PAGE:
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Aquino: Invest in the Philippines – and in Filipinos

Rappler.com
While reporting $4 billion in foreign direct investments as of August, the Aquino government says it is making sure that Filipino workers acquire the talents and skills needed by foreign investors
INVEST IN THE PEOPLE. President Benigno S. Aquino III expresses his views during the open forum in the 13th CEO Forum and 118th General Membership Meeting (GMM) of the Semiconductor and Electronics Industries in the Philippines (SEIPI) in Makati City on October 28, 2014. Photo by Benhur Arcayan / Malacañang Photo Bureau
MANILA, Philippines – President Benigno Aquino III called on investors to invest not just in the Philippines but, more importantly, in its people.
During an open forum at the 13th CEO forum of the Semiconductor and Electronics Industries in the Philippines Incorporated (SEIPI) on Tuesday, October 28, the President stressed that the greatest single resource of the country is the people.

“Obviously we were ignored for the longest period of time and it’s been in the last few years that we’ve suddenly gotten back into the limelight, and we do intend to maximize our exposure by really proving to all investors that it is really worth their while and a very sound decision to invest not just in the country but more importantly in the people,” Aquino said.

Aquino shared that during his recent trip to the United States, his delegation talked to a consumer appliance manufacturer who was exploring the potentials of moving his operations to the Philippines. The manufacturer said he sub-contracts projects to employ about 600,000 workers in a single country.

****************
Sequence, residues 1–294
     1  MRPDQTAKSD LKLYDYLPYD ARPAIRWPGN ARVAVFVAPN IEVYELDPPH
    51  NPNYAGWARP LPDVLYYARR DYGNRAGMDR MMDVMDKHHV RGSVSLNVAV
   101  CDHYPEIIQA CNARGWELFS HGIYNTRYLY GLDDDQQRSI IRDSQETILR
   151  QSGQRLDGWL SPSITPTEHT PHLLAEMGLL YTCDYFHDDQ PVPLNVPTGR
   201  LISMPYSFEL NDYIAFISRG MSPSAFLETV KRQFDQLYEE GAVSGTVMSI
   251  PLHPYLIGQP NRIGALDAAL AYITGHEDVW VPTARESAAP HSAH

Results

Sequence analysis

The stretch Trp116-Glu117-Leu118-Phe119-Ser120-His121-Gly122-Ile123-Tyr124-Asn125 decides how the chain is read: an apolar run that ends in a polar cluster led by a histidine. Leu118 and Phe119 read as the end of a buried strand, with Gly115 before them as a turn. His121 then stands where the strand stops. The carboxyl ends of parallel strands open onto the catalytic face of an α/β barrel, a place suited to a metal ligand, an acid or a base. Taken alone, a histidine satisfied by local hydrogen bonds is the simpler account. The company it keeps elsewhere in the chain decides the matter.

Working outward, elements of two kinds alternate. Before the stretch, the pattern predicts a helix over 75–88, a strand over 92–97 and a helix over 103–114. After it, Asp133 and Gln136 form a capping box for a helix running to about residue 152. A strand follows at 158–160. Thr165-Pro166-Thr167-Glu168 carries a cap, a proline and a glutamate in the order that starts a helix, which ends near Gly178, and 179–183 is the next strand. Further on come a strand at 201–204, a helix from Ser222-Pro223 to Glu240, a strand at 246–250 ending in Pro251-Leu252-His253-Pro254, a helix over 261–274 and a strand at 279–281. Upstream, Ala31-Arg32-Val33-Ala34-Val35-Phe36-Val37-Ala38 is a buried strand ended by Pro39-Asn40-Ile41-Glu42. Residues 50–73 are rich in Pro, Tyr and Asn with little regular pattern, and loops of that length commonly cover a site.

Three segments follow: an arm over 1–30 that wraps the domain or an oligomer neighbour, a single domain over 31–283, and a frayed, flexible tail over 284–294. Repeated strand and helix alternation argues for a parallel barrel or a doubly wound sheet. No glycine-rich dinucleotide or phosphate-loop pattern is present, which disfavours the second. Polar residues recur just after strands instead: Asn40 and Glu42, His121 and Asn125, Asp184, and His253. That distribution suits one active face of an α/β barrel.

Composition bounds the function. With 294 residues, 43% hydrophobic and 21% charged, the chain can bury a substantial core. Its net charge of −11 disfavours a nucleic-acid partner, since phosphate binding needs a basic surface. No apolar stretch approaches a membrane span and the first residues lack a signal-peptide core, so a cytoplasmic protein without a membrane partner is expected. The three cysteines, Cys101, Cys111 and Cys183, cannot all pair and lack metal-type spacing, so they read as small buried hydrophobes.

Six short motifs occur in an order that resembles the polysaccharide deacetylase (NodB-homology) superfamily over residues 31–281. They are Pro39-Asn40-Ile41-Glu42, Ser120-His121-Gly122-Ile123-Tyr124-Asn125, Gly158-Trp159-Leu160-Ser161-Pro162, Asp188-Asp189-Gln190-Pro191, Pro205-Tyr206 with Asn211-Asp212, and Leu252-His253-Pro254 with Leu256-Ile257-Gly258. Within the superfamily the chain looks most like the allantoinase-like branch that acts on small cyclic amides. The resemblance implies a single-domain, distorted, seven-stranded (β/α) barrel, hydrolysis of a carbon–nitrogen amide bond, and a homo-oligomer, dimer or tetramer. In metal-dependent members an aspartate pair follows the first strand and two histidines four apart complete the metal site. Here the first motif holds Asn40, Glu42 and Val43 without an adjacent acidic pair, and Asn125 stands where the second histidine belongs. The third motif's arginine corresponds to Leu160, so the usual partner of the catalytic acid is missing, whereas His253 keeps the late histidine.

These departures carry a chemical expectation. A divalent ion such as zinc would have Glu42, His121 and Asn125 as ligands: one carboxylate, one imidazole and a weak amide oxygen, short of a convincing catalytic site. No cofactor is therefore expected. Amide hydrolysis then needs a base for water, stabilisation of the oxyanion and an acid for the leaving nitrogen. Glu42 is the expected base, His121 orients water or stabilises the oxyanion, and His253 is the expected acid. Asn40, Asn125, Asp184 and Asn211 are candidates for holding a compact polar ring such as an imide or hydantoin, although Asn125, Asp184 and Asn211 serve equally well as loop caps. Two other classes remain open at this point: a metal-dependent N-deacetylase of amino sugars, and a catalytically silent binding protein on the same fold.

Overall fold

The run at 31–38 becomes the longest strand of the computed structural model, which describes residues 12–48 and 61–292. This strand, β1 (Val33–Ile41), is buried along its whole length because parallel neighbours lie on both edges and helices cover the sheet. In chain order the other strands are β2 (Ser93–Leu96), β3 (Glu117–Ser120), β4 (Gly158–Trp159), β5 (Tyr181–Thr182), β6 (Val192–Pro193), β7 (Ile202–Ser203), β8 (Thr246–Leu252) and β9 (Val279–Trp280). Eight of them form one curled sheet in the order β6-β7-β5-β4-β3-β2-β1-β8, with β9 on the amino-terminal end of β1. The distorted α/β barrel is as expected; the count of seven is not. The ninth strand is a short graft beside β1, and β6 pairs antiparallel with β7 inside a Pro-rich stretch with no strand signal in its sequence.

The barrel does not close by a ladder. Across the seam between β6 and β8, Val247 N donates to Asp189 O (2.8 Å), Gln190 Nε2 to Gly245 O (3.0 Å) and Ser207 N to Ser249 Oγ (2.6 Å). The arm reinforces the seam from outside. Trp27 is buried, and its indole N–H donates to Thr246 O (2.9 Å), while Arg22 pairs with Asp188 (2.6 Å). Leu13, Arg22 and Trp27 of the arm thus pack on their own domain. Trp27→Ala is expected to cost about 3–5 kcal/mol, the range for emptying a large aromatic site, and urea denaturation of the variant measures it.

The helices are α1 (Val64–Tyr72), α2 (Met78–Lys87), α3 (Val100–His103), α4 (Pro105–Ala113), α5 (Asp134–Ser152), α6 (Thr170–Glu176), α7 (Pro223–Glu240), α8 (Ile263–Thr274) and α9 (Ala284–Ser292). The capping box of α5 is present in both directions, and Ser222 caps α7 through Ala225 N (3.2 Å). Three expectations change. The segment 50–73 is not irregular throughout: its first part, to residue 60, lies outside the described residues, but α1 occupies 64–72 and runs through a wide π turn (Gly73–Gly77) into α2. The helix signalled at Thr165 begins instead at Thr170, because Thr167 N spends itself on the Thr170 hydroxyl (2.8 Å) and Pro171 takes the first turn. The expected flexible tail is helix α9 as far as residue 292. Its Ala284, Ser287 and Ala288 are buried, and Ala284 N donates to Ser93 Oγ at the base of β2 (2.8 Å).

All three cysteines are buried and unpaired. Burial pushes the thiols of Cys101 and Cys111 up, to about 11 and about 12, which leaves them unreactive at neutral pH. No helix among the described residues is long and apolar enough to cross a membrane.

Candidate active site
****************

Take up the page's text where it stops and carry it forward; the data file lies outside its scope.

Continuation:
“He stated during our meeting that he saw a report on the Philippines, perhaps a CNN program, and because of this he was encouraged to seek us out and to start exploring the potential of moving his operations from that particular country to the Philippines. He was that gung-ho,” Aquino said.

Aquino added that the company is not only looking for contractors for their products, but also promised to provide engineering scholarships for the continued research and development efforts of that company.

Trade Secretary Gregory Domingo said that creating a better business environment for investments to come in the Philippines has been the thrust of the Aquino administration.

He said that in the last 4 years, the country has received a huge increase in Foreign Direct Investments (FDI) – from $1 billion in 2010; $2 billion in 2011; about $3 billion in 2012; and $3.8 billion for 2013.

“As of the latest figure writing up to August, it’s already $4 billion FDI this year,” Domingo said.

Domingo added that the good governance agenda of the Aquino administration is paying off, resulting in dividends.

“We continue to work on improving the business environment and continue the discussions with the private sector so we go hand-in-hand,” he said.

Roadmaps for sectors, like the electronics industry, are also under development, Domingo added.

‘Never be satisfied’

Asked how the country’s growth will be sustained and prepared for the Association of Southeast Asian Nations (ASEAN) integration in 2015, Aquino cited what he learned from his parents: never be satisfied.

Thus, “I keep pushing everybody if they have reached [their goals].”

The liberalization of the banking industry has made the country more attractive to foreign investors, Aquino said. He cited as example the preference of Japanese firms to deal with Japanese banks here.

“Congress has enacted a law that has opened up our banking sector, which will redound to, again, more competition in the financial sector, more competitive products for all of you, and, again, it redounds to greater efficiencies for the economy,” Aquino said.

Aquino also stressed that the government, through the Department of Trade and Industry, is doing all steps necessary to reduce requirements to a minimum when setting up businesses here, but still faithfully compliant with the laws.

The President added that they were trying to tackle all of the problems – from the bureaucratic red tape, necessary infrastructure support, to education concerns in terms of investing in our people.

“We also want to make sure that if it’s the talent that they need, that the talent does exist or, if it doesn’t exist, that we are developing that talent toward that goal, our mutual goals of increased growth,” Aquino said. – Rappler.com